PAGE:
The Philadelphia Flyers of 2013-14 are a hard team to understand. It’s frustrating to most fans because as soon as you think they’re starting to roll, something seems to set them back. On paper, they certainly have a lineup that should do damage in the Eastern Conference. But for some reason, they can’t seem to gel consistently enough on the ice to get out of the middle of the Metropolitan Division standings.
The playoff format change this year, might actually help the Flyers. Just to refresh everyone, the NHL divided the teams into two Conferences, the Eastern and Western. The traditional conferences were split into two divisions each. The West has seven teams in each of the Central and Pacific Divisions and the East has eight teams in each of the Atlantic and Metropolitan Divisions. The top three teams at the end of the season in each division earn automatic berths into the playoffs. The next two teams with the most points in each Conference will earn a wild card berth. That’s a total of 16 teams, eight in each Conference that will play for the Stanley Cup.
Heading into their home game tonight against Colorado, the Flyers are currently clinging to the second wild card spot in the Eastern Conference. However, they play in the Metropolitan Division and currently are tied in points with the third place Columbus Blue Jackets, with Columbus holding the tie breaker. Still, any sort of winning streak would likely push the Flyers past the Blue Jackets.
The problem with generating any kind of win streak, is that the Flyers are entering perhaps the hardest part of their schedule. The Flyers have 25 games left, 15 of which are being played at home. That is the only good news about the Flyers remaining schedule. If you just count losses as losses, whether they’re in overtime or not, there are 14 teams with winning records in the NHL. The Flyers happen to play 18 of their 25 remaining games against those teams. In that mix of 18 games, the Flyers square off against the NHL’s elite teams (Boston, Chicago, Pittsburgh, St Louis, Colorado, San Jose, Anaheim) 10 times. Among the many teams fighting for playoff spots in the Eastern Conference, the Flyers easily have the hardest remaining schedule.
Since the introduction of the “three point” game by the NHL, the playoff race stays open longer to teams that aren’t even competitive. The NHL schedule is just over two thirds done, and in the Eastern Conference, only three teams (New York Islanders, Florida, Buffalo) are truly eliminated from playoff contention. Three teams out of sixteen! While this is exciting for most teams and their fans, it has really given some undeserving teams a shot at making the post-season. Ottawa, Detroit, and New Jersey have double digit lose totals in overtime and the shoot-out, but they have still earned double digit point totals in that format—which has been huge in keeping them in the playoff hunt. The Flyers should be ahead of these teams by a fair margin with their higher win total, but find themselves in a dog fight because the NHL gives teams a point for a losing.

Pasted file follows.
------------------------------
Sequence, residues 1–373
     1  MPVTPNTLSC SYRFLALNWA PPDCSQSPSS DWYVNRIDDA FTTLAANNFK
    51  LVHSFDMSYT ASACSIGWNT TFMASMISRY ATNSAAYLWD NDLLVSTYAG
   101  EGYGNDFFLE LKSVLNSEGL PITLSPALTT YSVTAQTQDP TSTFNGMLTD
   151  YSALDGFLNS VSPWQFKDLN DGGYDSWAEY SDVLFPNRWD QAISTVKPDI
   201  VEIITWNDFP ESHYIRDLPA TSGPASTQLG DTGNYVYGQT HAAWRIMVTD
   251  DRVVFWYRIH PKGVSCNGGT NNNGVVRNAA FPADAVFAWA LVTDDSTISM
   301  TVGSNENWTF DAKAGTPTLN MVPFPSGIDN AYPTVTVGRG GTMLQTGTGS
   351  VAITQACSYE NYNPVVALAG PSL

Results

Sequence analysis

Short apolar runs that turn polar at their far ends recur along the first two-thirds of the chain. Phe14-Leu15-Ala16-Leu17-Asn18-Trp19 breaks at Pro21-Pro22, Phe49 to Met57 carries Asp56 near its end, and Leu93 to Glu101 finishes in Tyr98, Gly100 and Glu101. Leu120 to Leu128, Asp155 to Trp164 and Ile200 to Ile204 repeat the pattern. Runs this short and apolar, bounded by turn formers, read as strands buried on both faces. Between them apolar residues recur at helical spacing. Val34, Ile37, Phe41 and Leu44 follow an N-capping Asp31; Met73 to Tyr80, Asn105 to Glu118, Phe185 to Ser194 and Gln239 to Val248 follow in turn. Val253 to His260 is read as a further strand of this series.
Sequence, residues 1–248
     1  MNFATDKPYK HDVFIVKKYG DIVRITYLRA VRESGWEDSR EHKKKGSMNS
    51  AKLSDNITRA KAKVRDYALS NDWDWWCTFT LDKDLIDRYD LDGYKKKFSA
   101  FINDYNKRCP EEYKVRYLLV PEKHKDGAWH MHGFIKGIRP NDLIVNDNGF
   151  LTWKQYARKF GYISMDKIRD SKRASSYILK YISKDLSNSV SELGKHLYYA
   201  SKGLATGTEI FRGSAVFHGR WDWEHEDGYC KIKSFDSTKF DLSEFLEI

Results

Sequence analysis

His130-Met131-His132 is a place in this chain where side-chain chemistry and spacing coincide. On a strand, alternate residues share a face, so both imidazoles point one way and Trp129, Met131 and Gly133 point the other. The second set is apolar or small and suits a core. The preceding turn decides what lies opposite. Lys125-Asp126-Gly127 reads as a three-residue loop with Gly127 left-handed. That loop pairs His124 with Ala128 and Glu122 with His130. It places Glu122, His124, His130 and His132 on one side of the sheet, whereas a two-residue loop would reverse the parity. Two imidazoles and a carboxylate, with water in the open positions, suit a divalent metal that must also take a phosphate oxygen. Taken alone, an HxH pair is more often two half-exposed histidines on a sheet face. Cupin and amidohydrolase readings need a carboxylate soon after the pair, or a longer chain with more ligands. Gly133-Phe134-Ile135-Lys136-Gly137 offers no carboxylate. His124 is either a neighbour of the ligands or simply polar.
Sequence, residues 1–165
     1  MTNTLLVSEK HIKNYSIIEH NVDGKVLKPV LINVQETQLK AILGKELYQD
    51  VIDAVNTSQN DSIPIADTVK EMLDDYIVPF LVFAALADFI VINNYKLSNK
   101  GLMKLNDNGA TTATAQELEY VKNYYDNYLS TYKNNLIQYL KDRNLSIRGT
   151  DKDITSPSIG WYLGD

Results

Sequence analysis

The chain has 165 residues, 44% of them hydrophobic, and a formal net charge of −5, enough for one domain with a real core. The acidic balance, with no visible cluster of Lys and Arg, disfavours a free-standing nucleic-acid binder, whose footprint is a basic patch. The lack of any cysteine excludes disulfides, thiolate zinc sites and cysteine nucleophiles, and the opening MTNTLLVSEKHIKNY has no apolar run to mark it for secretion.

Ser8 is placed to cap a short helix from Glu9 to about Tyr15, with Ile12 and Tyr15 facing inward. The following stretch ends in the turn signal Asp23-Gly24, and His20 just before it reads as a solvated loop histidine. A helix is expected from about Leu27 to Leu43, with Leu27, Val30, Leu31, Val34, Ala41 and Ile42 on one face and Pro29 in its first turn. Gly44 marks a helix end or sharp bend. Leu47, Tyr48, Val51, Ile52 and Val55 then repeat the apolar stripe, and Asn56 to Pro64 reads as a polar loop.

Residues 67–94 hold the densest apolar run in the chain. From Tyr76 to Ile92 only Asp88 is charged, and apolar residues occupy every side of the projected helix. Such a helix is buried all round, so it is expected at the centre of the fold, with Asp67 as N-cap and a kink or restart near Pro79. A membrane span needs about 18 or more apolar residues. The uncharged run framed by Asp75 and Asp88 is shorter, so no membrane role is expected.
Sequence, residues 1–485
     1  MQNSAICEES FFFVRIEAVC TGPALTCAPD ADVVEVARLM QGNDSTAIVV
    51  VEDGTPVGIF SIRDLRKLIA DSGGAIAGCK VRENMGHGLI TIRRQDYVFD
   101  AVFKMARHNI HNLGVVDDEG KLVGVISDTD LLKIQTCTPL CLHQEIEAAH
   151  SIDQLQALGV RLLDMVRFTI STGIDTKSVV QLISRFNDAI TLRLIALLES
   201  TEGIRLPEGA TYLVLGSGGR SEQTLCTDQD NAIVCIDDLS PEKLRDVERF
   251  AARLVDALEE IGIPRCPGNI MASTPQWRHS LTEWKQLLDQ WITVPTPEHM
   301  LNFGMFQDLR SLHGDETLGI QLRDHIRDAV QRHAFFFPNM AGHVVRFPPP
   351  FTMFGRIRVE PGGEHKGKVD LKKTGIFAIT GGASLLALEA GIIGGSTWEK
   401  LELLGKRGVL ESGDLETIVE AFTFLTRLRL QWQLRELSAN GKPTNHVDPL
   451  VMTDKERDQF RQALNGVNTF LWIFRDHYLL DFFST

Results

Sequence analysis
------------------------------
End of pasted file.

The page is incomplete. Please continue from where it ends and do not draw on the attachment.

With a few key wins during the season, the Flyers wouldn’t be worrying about not making the playoffs. Instead, a few big wins could have had the Flyers looking towards seeding and who they were going to play in the first round already. But those wins haven’t happened yet, and a team loaded with talent could very well miss the playoffs if they struggle down the stretch. Is there still a good chance that the Flyers make the playoffs? Of course, but they’ve taken the hard road and have to hope that other teams with easier schedules don’t run away from them.
While Pittsburgh, Boston and Tampa Bay have distanced themselves from the pack in the Eastern Conference, 10 others teams are fighting for the last five playoff spots and are within seven points of each other. Philadelphia is one of those teams involved and with their remaining schedule they could find themselves watching the playoffs—rather than playing in them.